• Liturgy and Life: What will this week look like since we will be attending liturgies during the Sacred Triduum? When is downtime? Ironing, dressing, eating…arriving early enough to get a seat…that’s an area we need to plan. When do I fit in baking and other cooking?
  • Housecleaning: This week is all about making everything tidy and neat, particularly the dining room.
  • Clothes and Shoes: We did a clothing and shoe check for our dress clothes for all the liturgical celebrations and other events.
  • Easter Baskets: I bought some candy but will need a bit more for the Easter baskets.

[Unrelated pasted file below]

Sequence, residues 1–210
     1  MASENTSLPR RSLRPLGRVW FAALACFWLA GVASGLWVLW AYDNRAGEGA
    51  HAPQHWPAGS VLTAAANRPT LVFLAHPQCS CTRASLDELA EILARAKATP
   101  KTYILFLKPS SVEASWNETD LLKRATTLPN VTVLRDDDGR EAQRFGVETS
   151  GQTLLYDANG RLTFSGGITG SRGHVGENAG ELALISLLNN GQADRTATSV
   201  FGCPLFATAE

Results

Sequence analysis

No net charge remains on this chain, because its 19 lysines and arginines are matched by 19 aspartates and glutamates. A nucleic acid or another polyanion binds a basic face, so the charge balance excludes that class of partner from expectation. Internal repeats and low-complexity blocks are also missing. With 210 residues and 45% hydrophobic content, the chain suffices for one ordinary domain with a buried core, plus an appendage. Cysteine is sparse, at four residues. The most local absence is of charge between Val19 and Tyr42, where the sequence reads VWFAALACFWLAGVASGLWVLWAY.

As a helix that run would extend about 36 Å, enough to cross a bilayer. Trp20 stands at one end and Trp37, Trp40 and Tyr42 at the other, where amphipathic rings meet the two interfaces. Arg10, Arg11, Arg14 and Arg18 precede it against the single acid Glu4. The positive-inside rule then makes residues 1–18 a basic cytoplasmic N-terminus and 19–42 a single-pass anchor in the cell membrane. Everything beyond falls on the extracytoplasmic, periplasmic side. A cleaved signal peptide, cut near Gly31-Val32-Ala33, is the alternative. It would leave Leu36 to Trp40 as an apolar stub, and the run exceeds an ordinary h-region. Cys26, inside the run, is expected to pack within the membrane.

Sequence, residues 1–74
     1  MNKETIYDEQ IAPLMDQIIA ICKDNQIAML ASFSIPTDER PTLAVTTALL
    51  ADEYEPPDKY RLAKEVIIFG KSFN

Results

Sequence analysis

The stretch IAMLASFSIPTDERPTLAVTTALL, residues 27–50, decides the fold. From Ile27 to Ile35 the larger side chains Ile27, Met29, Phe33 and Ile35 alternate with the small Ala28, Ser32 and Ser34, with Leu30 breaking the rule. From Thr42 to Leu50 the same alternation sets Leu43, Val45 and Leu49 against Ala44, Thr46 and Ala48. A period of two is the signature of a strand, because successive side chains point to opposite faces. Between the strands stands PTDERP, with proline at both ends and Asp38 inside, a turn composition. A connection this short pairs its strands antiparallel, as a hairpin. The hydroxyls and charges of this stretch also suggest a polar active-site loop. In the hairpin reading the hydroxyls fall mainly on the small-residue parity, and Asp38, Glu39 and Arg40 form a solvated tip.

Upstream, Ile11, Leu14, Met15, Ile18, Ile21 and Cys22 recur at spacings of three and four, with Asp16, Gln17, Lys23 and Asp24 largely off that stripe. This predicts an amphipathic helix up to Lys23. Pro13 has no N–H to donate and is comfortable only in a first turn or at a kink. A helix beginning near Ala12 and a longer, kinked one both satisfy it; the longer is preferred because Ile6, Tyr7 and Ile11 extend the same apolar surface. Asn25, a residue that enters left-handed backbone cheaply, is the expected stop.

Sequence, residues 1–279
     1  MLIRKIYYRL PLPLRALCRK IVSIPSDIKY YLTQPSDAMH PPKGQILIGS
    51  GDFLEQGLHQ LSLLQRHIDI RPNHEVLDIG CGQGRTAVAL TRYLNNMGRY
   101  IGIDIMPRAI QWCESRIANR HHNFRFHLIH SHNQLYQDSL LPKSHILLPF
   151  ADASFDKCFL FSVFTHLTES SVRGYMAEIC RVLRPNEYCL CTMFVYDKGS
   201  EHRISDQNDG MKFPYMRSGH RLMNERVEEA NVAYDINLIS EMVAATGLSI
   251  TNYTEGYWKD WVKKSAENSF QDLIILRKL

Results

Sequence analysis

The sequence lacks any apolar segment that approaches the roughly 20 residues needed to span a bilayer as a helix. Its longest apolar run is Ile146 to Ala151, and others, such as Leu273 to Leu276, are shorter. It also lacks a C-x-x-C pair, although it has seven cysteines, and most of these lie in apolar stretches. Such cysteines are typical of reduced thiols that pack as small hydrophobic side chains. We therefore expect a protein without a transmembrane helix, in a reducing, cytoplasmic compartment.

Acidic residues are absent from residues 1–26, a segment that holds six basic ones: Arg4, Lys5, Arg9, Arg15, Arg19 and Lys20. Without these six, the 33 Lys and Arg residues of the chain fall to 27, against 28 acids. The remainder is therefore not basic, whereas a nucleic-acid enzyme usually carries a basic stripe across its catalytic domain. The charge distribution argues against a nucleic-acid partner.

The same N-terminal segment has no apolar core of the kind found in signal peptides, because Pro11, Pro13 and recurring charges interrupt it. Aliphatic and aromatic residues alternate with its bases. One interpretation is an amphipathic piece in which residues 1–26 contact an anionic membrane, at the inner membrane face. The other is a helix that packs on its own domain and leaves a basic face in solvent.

• Holy Week Cuisine: Besides our regular eating habits of providing three meals a day, I need to think of snack foods for teenage sons and our special meals we have during the Triduum. I need to plan for grocery store runs, recipe retrieval, and making extra time in the kitchen. What do we need for Holy Thursday, Good Friday, Holy Saturday and Easter Sunday? How much shopping is required? My lamb cake recipe is a must do.
  • Holy Week Reading and Listening: With some extra time for spiritual reading, particularly on Good Friday, I try to prepare some books for my sons. I have shared our past reading when my sons were younger. Now I am finding other books that they can read about the Passion of Christ, even if it’s just an excerpt.
    • past Holy Week Reading
    • Archbishop Fulton Sheen’s Life of Christ
    • Pope Benedict XVI’s Jesus of Nazareth: Holy Week: From the Entrance Into Jerusalem To The Resurrection
    • Don’t miss Mike Aquilina’s podcast Mother of All Vigils, going into detail about the Easter Vigil. It’s so marvelous!!